However, insurers claim that there ‘is no justification for engineering contractual wording to accommodate unique circumstances which have occurred subsequently’
For the first time in its short history last week, the Supreme Court considered the details of business interruption (BI) insurance.
The trigger for the four-day virtual hearing was the swathe of appeals mounted against the High Court’s ruling in September on the landmark BI test case brought by the FCA.
The regulator had brought the action in a bid to obtain clarity for around 370,000 firms, which it estimated found themselves out of pocket earlier this year when their insurers didn’t pay out on BI policies that the latter said had not been designed for a pandemic.
“Probably the most important insurance decision of the last decade and a decision of substantial importance to many thousands of businesses” is how the FCA billed the High Court’s judgement in the documents outlining its case for last week’s hearing.
The Hiscox Action Group (HAG) claimed in its submission that the 384 disgruntled businesses that hold policies with Hiscox, which it represents, have suffered “devastating losses” as a result of Covid-19 and the subsequent lockdown and therefore “desperately need” the financial support that an indemnity from Hiscox would provide.
“This litigation is a matter of commercial ‘life or death’ for the majority of the HAG claimants, all with businesses and many with families, to support,” it said.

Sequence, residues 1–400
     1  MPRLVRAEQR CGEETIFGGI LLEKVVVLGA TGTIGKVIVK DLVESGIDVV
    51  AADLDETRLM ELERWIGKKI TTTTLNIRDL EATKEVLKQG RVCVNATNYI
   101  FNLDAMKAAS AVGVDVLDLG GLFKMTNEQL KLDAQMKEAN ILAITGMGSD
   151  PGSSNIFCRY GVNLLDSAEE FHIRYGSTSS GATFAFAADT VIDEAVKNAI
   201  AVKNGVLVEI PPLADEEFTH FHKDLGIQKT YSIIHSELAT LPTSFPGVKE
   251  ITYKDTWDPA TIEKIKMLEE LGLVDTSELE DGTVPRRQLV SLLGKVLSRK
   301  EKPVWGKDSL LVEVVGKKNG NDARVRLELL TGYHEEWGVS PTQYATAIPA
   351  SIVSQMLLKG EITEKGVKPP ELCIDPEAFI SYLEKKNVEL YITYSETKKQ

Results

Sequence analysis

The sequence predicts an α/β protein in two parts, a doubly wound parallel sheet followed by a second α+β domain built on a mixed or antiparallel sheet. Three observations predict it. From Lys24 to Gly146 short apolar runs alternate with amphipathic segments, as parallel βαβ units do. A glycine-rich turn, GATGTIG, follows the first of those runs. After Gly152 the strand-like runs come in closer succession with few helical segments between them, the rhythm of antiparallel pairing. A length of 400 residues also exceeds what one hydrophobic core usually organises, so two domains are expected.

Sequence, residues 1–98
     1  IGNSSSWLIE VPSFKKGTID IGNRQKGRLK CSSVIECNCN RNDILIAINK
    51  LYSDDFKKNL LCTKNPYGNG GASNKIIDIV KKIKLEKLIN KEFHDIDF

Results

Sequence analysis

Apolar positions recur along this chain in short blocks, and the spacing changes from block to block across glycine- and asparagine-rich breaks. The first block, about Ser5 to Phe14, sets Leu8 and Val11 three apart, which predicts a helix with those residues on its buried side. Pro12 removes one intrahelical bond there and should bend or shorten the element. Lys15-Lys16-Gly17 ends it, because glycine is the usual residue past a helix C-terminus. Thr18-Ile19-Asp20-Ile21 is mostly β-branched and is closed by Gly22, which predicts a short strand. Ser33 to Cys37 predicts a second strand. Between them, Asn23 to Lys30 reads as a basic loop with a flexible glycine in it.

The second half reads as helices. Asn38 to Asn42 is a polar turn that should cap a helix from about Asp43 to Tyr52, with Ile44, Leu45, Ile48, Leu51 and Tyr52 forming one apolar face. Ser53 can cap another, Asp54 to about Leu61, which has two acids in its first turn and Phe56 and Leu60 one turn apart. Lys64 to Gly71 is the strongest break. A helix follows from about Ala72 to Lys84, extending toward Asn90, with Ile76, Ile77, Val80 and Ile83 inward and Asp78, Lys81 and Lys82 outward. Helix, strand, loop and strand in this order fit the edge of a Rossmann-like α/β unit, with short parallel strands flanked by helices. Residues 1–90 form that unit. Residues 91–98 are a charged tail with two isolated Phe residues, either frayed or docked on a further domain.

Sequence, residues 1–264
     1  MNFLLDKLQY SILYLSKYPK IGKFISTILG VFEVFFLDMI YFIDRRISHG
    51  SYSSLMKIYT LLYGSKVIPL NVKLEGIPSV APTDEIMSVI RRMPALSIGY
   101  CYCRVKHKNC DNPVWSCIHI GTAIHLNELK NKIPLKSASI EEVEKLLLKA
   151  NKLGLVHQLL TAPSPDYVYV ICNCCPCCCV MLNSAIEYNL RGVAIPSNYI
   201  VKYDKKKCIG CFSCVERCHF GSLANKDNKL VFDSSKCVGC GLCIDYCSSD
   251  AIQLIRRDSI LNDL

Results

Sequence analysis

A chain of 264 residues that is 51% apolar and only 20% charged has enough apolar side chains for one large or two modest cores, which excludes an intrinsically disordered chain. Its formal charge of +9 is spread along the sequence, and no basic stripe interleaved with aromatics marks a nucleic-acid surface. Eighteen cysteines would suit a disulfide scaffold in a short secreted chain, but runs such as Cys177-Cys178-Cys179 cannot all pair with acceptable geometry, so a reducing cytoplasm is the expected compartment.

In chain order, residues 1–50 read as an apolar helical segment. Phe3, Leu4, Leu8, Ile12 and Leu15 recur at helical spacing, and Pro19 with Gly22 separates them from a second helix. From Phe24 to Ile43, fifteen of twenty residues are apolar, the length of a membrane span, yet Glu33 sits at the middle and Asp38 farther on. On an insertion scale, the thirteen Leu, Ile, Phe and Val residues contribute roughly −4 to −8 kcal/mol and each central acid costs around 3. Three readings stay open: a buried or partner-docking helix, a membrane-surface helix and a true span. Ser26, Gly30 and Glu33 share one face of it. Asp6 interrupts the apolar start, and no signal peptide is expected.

In a sample of 21 policies, the High Court found largely in favour of the regulator in September, concluding that certain ‘non-damage’ clauses covering disease and denial of access to premises should trigger payouts.
However, the majority of the eight insurers at the receiving end of September’s judgment were back in court last week to appeal.
While both Ecclesiastical and Zurich didn’t dispute the High Court’s verdict, Arch, Argenta, Hiscox, MS Amlin, QBE and RSA were involved in the action.
The High Court’s finding that the cover provided in two of the sample QBE policies did not extend to the consequences of a national pandemic provided the insurers with a foothold to mount a fresh challenge.
QBE sought to build on this partial success by arguing that the trigger for a payout on its other policies should be based on whether there had been an outbreak of Covid-19 within a radius of the insured premises - in its case, 25 miles.
This would be in line with the verdict in the Orient Express case, which had set the precedent for how such cases had been determined prior to September’s judgment.
The court’s error, according to QBE’s written case, was removing the necessity for a causal connection between interference to the insured’s business and the appearance or manifestation of a notifiable disease at, or within the specified radius of, the insured premises.
In addition, QBE said, the BI policies should be interpreted on the basis of knowledge “reasonably available” at the time the contract was entered into rather than “unprecedented circumstances that occur subsequently”, like those created by the Covid-19 pandemic.
“This is no justification for engineering contractual wording to accommodate unique circumstances which have occurred subsequently,” it said.